Here's a great post about the Buffy the Vampire Slayer film. I haven't seen the film, but conventional thinking about it among Whedonistas is that it was a flawed movie that failed to capture Whedon's vision.

John Scalzi and Neil Gaiman act like excited fanboys after meeting one another for the first time at Worldcon. I wish I was there. The comments on Scalzi's blog are, as always, hilarious.

Justine Larbalestier managed to get her cover changed on her book Liar. You may recall that I wrote about this a little while ago, and I am delighted that Bloomsbury changed their tune and are committing to ending the whitewashing of book covers.
dolorosa_12: (captain haddock)
I haven't had time to write anything today because I've been too busy moving house and agonising over what the hell to do with my life. Since I don't want to bore you with those details, have some links instead.

Here's a great post about the Buffy the Vampire Slayer film. I haven't seen the film, but conventional thinking about it among Whedonistas is that it was a flawed movie that failed to capture Whedon's vision.

John Scalzi and Neil Gaiman act like excited fanboys after meeting one another for the first time at Worldcon. I wish I was there. The comments on Scalzi's blog are, as always, hilarious.

Justine Larbalestier managed to get her cover changed on her book Liar. You may recall that I wrote about this a little while ago, and I am delighted that Bloomsbury changed their tune and are committing to ending the whitewashing of book covers.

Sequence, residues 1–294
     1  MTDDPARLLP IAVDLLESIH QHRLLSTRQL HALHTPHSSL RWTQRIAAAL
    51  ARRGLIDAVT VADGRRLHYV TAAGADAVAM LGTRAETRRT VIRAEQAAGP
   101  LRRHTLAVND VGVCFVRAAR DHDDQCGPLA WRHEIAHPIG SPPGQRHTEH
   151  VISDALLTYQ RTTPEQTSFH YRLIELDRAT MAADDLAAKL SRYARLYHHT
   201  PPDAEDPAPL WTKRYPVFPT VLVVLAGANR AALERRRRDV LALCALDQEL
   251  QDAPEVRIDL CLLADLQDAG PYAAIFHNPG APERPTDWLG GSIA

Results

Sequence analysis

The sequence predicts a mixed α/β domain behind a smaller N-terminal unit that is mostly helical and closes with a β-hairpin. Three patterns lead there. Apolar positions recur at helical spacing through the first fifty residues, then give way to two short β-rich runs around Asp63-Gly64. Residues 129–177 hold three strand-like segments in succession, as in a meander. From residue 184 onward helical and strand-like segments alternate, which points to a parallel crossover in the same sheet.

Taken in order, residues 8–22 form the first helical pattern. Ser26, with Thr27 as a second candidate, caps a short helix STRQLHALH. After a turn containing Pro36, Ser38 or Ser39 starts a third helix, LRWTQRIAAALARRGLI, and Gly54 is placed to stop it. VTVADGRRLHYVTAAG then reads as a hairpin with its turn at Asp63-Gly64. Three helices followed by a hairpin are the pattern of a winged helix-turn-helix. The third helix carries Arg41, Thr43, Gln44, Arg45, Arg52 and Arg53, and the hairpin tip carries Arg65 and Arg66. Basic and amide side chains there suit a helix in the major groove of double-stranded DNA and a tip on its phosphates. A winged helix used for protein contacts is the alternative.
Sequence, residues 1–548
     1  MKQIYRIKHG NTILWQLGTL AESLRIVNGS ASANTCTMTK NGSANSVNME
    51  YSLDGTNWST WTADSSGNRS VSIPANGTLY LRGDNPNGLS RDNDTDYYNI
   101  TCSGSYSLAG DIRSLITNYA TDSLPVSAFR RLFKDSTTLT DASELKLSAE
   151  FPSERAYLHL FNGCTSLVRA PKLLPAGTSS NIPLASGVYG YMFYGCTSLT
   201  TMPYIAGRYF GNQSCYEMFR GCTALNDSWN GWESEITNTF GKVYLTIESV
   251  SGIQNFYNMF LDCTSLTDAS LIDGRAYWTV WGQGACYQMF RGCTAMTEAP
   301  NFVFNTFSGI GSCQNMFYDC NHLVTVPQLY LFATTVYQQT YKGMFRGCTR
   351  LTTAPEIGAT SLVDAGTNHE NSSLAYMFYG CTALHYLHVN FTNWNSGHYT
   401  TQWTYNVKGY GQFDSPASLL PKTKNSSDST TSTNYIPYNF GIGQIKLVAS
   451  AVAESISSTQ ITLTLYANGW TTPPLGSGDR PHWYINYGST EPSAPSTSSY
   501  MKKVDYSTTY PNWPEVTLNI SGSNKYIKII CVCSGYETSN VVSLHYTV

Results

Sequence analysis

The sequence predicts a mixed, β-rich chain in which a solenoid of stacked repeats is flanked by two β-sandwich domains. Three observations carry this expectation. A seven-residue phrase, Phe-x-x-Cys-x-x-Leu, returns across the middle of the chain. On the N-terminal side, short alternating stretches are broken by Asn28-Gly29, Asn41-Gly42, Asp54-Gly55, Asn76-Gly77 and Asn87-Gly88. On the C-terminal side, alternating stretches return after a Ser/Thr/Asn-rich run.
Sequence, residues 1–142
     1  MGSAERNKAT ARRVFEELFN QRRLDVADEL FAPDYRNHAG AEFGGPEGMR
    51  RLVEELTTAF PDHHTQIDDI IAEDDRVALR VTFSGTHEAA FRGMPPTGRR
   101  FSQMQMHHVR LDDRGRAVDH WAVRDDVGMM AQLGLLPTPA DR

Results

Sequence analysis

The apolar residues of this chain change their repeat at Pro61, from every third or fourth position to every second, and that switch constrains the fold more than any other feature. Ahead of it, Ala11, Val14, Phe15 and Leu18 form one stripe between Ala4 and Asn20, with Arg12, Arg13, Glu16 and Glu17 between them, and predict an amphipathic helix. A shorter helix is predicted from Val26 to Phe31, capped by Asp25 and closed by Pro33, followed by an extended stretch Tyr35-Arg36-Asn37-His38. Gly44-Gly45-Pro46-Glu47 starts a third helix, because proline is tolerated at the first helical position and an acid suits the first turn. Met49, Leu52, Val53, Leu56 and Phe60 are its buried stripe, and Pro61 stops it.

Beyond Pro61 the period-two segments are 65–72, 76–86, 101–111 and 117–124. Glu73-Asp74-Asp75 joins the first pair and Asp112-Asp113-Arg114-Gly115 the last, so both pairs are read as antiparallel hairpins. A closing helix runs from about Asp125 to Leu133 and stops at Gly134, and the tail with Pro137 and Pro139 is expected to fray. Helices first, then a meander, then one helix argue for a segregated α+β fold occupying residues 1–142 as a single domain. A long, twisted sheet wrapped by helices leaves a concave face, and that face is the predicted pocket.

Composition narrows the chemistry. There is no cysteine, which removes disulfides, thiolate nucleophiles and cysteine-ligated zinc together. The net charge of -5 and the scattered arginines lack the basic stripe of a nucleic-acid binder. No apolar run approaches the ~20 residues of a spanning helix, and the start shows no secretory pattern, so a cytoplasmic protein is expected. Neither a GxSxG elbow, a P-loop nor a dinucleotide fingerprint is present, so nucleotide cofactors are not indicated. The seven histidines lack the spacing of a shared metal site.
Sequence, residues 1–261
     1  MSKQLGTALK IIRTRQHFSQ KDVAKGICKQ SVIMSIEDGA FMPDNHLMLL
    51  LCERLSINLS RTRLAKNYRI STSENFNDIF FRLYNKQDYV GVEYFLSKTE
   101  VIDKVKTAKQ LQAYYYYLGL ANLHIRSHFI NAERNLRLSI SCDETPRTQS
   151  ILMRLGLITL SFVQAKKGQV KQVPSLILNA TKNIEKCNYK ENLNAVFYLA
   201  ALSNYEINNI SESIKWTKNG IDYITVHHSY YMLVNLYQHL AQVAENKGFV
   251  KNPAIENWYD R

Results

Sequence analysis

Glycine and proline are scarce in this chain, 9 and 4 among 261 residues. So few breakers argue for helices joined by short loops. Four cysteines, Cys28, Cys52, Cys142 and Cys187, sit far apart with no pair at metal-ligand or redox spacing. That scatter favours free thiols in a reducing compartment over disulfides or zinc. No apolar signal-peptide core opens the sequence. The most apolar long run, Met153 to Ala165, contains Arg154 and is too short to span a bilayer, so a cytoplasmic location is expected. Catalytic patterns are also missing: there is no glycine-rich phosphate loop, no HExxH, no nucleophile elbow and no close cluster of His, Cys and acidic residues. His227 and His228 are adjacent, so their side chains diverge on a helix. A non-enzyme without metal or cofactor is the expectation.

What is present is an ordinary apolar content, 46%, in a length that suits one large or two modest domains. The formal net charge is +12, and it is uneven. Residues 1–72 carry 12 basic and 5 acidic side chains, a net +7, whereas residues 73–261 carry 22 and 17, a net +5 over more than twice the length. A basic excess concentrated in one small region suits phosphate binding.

dolorosa_12: (daria)
I'm sitting around drinking Bailey's instead of doing anything productive, skittering between Youtube and Facebook and LJ in a desperate hope that someone will post something interesting. I sort of have a vague desire to post something ranty about the weird attitudes some reviewers seem to have towards 'inappropriate' content in YA books, but I think I'll leave it for a couple of days until I'm clear about what I want to say.

I can't seem to interest myself in any new books after Sunshine, and I don't really have any TV series to watch, so I'm just half-heartedly skimming through Youtube clips from the Buffy episode 'Once More With Feeling'. I'm avoiding listening to 'Something To Sing About', as [livejournal.com profile] losseniaiel can attest to the fact that I cry every time I hear/see it. It's still too close. Mostly, I'm repetitively listening to 'Walk Through the Fire', which sends chills down my spine. Yep, it doesn't need saying again, but seriously, Joss is a genius. That musical episode is creepily accurate, not just as a representation of all the characters' unspoken feelings and fears at that point in the series, but as a representation of what it is to be 21-25, and absolutely, spine-chillingly terrified, not of the vampires in the alleyway, but of adult life.